9th April 2017
California may never secede, or divide into different states, but it has effectively split into entities that could not be more different. On one side is the much-celebrated, post-industrial, coastal California, beneficiary of both the Tech Boom 2.0 and a relentlessly inflating property market. The other California, located in the state’s interior, is still tied to basic industries like homebuilding, manufacturing, energy and agriculture. It is populated largely by working- and middle-class people who, overall, earn roughly half that of those on the coast.
Over the past decade or two, interior California has lost virtually all influence, as Silicon Valley and Bay Area progressives have come to dominate both state politics and state policy. “We don’t have seats at the table,” laments Richard Chapman, president and CEO of the Kern Economic Development Corporation. “We are a flyover state within a state.”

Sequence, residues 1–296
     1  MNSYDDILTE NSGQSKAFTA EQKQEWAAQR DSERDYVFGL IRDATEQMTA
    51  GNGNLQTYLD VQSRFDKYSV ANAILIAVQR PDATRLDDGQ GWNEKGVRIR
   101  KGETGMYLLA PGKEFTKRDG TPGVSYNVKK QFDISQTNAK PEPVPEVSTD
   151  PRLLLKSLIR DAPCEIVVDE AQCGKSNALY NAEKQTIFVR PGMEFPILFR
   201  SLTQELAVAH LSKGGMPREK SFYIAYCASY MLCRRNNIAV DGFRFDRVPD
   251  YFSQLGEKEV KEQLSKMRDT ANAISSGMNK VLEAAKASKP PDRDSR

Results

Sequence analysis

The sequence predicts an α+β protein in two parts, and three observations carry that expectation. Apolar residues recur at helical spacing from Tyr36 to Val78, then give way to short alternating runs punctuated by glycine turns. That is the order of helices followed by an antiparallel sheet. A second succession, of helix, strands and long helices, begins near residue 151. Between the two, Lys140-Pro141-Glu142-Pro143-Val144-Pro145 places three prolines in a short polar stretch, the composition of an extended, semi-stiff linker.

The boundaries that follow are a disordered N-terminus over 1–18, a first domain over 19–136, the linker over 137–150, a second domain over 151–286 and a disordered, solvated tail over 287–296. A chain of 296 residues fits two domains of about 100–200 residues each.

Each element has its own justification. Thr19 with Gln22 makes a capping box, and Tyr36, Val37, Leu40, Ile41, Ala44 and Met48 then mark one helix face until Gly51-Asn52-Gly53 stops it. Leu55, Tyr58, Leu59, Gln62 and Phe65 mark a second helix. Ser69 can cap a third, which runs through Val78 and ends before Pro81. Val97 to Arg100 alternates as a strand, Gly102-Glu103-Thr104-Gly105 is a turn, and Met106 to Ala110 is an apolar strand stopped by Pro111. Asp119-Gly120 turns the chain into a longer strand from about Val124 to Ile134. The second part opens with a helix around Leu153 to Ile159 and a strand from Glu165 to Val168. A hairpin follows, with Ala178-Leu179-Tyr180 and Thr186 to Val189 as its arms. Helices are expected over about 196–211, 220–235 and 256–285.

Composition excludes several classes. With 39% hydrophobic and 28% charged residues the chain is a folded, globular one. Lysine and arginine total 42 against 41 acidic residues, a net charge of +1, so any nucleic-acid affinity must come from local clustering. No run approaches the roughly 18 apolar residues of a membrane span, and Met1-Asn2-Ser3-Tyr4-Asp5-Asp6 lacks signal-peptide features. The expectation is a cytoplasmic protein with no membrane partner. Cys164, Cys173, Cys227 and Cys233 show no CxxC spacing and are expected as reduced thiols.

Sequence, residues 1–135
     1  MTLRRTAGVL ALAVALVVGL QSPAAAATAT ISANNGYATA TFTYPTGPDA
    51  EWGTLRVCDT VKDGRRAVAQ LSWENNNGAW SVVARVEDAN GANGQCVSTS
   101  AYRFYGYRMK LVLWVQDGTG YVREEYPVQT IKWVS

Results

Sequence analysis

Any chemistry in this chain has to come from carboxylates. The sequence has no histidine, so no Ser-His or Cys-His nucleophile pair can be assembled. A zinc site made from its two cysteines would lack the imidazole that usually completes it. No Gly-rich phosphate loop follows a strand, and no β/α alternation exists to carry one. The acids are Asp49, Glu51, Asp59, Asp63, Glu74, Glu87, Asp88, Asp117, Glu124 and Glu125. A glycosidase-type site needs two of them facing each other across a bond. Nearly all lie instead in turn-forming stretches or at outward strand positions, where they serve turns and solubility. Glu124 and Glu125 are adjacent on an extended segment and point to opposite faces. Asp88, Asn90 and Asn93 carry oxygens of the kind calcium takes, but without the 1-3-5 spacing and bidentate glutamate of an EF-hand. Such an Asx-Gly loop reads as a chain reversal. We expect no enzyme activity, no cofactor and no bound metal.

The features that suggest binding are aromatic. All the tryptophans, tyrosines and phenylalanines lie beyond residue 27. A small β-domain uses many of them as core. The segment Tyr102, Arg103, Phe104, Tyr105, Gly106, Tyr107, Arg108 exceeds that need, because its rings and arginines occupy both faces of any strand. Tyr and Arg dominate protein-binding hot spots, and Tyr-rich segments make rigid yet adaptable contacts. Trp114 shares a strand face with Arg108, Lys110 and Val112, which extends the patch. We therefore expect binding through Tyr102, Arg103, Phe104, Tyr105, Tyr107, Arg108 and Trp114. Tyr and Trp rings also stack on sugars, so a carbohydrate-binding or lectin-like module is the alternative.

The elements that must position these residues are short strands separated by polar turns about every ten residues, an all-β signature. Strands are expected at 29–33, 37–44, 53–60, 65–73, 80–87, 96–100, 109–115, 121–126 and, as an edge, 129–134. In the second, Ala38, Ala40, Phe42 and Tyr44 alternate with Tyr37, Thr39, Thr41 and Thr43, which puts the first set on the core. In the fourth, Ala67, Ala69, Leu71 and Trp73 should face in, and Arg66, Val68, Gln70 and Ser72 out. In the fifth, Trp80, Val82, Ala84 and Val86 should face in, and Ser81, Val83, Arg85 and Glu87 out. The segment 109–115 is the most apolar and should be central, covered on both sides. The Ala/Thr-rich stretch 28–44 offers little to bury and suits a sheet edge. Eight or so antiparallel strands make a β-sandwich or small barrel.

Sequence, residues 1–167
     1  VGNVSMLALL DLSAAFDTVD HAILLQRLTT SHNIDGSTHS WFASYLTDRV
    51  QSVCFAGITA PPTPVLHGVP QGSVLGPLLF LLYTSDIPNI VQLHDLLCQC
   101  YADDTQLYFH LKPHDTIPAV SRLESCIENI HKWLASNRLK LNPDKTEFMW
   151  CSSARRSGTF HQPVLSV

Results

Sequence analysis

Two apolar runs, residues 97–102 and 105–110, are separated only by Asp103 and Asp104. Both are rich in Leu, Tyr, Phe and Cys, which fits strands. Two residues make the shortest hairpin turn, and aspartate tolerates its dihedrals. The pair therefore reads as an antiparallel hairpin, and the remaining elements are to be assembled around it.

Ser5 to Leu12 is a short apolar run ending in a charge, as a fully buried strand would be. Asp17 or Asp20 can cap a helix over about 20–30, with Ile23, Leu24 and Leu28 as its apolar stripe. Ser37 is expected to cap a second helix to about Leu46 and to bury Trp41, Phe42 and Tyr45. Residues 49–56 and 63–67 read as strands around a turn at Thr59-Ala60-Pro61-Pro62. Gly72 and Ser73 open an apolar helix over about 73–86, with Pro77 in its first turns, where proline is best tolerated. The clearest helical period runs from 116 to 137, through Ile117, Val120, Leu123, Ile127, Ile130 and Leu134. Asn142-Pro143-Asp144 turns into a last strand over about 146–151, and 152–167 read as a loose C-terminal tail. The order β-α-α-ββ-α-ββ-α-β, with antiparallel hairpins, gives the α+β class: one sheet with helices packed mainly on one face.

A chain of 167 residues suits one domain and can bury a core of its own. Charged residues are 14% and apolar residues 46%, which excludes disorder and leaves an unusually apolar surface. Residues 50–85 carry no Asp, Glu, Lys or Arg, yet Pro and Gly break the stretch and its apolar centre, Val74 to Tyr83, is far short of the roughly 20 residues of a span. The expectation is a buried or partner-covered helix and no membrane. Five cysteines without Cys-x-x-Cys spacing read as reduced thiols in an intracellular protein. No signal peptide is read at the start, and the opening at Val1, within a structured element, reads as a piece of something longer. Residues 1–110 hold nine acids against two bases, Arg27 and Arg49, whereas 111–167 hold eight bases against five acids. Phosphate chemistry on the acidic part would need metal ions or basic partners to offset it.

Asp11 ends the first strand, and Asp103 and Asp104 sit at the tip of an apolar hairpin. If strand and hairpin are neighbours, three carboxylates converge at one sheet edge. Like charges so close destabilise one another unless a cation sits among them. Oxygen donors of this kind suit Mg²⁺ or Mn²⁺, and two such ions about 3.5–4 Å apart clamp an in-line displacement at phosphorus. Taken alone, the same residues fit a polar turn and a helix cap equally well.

Fresno, Bakersfield, Ontario and San Bernardino are rapidly becoming the Bantustans — the impoverished areas designed for Africans under the racist South African regime — in California’s geographic apartheid. Poverty rates in the Central Valley and Inland Empire reach over a third of the population, well above the share in the Bay Area. By some estimates, rural California counties suffer the highest unemployment rate in the country; six of the 10 metropolitan areas in the country with the highest percentage of jobless are located in the central and eastern parts of the state. The interior counties — from San Bernardino to Merced — also suffer the worst health conditions in the state.